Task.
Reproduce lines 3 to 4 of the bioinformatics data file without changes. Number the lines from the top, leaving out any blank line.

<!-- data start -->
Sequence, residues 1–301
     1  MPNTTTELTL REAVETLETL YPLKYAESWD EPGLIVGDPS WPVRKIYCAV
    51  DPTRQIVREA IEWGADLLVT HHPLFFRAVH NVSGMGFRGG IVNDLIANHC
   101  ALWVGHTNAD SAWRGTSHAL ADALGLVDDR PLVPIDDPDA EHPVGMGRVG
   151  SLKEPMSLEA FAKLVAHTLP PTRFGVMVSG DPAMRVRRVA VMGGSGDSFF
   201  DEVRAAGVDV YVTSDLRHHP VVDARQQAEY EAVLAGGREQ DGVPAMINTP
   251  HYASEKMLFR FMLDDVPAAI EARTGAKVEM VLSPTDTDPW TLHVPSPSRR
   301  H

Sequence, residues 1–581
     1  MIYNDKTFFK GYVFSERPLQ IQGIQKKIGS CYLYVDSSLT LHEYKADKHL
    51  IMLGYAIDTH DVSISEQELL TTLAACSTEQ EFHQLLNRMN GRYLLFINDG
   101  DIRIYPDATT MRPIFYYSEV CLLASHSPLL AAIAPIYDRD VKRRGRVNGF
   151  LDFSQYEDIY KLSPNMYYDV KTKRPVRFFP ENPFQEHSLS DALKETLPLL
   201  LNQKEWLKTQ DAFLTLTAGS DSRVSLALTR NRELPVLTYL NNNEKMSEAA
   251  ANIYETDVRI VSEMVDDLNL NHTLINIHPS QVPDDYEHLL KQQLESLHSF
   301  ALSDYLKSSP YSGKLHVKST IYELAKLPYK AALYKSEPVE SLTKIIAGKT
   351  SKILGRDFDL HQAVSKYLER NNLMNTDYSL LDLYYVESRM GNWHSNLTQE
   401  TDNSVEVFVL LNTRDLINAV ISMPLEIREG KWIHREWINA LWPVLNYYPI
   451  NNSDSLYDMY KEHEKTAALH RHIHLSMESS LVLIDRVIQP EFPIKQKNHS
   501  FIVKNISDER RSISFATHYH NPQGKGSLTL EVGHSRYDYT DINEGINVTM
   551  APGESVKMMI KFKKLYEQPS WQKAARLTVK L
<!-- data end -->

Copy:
    51  DPTRQIVREA IEWGADLLVT HHPLFFRAVH NVSGMGFRGG IVNDLIANHC
   101  ALWVGHTNAD SAWRGTSHAL ADALGLVDDR PLVPIDDPDA EHPVGMGRVG